Here is the portion relevant to Limbaugh's "story."
JAY CARNEY (White House press secretary): The first question from the American press goes to Steve Holland of Reuters.
Q: Thank you, Mr. President. Thank you, sir. Have you made up your mind whether to take action against Syria, whether or not you have a congressional resolution approved? Is a strike needed in order to preserve your credibility for when you set these sort of red lines? And were you able to enlist the support of the prime minister here for support in Syria?
PRESIDENT OBAMA: Let me unpack the question. First of all, I didn’t set a red line. The world set a red line. The world set a red line when governments representing 98 percent of the world’s population said the use of chemical weapons are abhorrent and passed a treaty forbidding their use even when countries are engaged in war.
Congress set a red line when it ratified that treaty. Congress set a red line when it indicated that -- in a piece of legislation titled the Syria Accountability Act that some of the horrendous things that are happening on the ground there need to be answered for.
And so when I said in a press conference that my calculus about what’s happening in Syria would be altered by the use of chemical weapons, which the overwhelming consensus of humanity says is wrong, that wasn’t something I just kind of made up. I didn’t pluck it out of thin air. There’s a reason for it. That’s point number one.
Point number two, my credibility’s not on the line. The international community’s credibility is on the line, and America and Congress’ credibility is on the line because we give lip service to the notion that these international norms are important. And when those videos first broke and you saw images of over 400 children subjected to gas, everybody expressed outrage. How can this happen in this modern world? Well, it happened because a government chose to deploy these deadly weapons on civilian populations.
And so the question is how credible is the international community when it says this is an international norm that has to be observed? The question is how credible is Congress when it passes a treaty saying we have to forbid the use of chemical weapons? And I do think that we have to act because if we don’t, we are effectively saying that even though we may condemn it and issue resolutions and so forth and so on, somebody who is not shamed by resolutions can continue to act with impunity.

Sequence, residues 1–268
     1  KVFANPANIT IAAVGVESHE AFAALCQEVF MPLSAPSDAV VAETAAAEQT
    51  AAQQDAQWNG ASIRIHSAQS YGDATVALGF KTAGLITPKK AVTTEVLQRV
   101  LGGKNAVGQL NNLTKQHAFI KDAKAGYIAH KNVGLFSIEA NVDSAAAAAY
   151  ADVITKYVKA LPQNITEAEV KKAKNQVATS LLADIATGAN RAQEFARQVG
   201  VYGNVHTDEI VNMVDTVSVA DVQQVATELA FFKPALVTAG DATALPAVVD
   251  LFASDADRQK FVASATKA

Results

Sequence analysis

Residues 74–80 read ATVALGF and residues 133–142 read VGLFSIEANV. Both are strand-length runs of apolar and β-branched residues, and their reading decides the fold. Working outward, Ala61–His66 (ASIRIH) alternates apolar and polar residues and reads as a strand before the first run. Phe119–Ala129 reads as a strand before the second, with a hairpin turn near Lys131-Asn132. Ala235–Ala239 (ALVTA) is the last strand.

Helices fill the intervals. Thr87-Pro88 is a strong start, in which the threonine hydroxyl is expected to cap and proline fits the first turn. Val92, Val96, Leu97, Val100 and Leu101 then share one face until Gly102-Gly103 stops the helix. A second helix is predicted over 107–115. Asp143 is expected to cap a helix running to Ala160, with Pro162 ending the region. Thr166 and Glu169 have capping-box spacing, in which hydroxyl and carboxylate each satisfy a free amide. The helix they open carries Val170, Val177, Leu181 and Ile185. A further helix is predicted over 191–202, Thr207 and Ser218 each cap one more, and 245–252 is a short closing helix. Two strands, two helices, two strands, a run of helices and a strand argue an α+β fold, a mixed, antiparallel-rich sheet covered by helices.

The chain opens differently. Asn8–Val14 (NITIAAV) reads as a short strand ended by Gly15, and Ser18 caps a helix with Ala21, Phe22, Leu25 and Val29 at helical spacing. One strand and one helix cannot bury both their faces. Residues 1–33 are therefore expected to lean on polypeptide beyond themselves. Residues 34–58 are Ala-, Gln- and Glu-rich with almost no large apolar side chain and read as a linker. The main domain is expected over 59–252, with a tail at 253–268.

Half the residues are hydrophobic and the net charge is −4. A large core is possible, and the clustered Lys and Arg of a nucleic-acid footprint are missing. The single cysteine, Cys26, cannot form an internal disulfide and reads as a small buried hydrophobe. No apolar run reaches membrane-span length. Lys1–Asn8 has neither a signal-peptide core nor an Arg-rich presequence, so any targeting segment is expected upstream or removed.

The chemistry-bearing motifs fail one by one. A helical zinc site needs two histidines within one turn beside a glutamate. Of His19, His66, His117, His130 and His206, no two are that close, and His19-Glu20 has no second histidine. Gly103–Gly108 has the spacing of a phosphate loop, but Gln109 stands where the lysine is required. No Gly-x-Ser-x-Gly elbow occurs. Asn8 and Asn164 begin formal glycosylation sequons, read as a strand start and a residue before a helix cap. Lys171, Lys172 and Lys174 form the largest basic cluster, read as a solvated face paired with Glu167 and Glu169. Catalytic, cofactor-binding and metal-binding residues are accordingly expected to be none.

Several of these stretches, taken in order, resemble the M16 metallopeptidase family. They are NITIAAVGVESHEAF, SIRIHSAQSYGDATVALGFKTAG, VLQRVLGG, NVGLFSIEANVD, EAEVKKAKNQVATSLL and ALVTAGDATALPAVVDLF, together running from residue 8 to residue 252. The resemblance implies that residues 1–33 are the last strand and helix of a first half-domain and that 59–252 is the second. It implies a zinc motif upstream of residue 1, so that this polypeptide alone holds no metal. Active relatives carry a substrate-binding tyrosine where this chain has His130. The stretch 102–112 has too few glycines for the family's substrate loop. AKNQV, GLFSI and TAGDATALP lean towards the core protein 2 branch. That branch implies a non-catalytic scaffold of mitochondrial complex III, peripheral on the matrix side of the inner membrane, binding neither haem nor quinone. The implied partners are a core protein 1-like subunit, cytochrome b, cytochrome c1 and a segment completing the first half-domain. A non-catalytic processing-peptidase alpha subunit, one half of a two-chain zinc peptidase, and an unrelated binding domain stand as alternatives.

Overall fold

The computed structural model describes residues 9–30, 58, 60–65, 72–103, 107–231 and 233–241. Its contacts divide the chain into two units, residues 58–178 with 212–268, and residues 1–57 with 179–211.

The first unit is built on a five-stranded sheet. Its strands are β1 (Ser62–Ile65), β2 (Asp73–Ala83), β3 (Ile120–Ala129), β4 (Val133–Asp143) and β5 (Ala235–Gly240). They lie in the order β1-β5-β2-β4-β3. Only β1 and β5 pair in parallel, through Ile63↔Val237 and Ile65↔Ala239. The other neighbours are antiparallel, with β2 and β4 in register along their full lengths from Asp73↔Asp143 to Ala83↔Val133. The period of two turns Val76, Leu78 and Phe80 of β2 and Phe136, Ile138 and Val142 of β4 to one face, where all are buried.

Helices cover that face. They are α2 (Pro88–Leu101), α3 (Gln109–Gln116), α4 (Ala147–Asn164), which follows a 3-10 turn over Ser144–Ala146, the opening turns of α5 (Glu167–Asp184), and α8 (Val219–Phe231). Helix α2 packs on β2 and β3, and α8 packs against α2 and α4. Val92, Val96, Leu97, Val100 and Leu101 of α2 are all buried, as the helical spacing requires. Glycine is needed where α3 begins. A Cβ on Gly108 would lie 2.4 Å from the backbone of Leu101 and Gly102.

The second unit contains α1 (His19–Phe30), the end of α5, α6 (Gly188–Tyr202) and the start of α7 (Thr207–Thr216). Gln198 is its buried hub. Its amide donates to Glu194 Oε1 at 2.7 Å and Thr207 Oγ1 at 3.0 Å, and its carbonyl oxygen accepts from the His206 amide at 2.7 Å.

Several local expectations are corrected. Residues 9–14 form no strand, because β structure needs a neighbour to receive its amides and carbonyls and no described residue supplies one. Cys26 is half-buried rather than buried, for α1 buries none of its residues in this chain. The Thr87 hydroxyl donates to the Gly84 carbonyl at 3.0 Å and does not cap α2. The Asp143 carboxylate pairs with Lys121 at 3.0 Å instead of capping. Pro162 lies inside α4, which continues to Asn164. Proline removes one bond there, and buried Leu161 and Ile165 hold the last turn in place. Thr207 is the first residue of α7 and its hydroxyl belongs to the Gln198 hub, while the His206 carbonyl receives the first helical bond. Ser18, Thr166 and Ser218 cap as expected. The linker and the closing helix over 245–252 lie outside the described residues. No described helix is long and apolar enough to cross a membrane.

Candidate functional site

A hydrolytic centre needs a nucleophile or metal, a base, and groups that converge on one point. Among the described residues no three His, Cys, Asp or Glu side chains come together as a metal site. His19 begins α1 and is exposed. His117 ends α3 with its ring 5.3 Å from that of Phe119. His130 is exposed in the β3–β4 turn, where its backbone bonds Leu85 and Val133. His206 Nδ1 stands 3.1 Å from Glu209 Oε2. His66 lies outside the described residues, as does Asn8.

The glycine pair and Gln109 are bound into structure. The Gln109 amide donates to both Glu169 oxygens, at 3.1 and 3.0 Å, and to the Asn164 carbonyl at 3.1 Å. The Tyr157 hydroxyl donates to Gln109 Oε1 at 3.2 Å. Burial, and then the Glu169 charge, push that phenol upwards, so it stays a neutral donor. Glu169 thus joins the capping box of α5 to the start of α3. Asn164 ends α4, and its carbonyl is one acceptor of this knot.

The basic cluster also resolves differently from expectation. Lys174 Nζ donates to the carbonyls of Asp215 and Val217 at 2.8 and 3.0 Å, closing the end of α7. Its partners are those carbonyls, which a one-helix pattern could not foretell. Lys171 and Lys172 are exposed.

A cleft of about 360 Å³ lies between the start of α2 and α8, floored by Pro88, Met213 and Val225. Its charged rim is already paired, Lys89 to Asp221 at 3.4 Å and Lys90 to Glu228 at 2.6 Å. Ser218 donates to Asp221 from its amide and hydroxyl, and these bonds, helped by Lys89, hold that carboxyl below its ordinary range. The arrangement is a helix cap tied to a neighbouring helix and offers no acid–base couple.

And those international norms begin to erode and other despots and authoritarian regimes can start looking and saying that’s something we can get away with, and that then calls into question other international norms and laws of war and whether those are going to be enforced.
Are you kidding me? so the fact that Limbaugh touches a legitimate topic its now neutralized from criticism?
Its in your own plain text you posted. I completely understand what Obama is saying here. But words do matter and how Obama worded his answers tells more about him and how he feels about his situation.
He could have said, YES i drew the line, so did most of the world with the treaty against chemical weapons and also Congress when it ratified the treaty. But he really didnt say that did he.
He implies he was merely acting as a some UN functionary not as the President. And he cannot really rely on the world and congress now because these are up in the air now aren't they? The world and even the Swedish Prime minister is saying that action in Syria without UN approval would be considered ILLEGAL according to the U.N.
So Obama degraded his already shaky position. It is very unfortunate and I wish he didnt telegraph this mental "calculus" it doesnt project strength at all.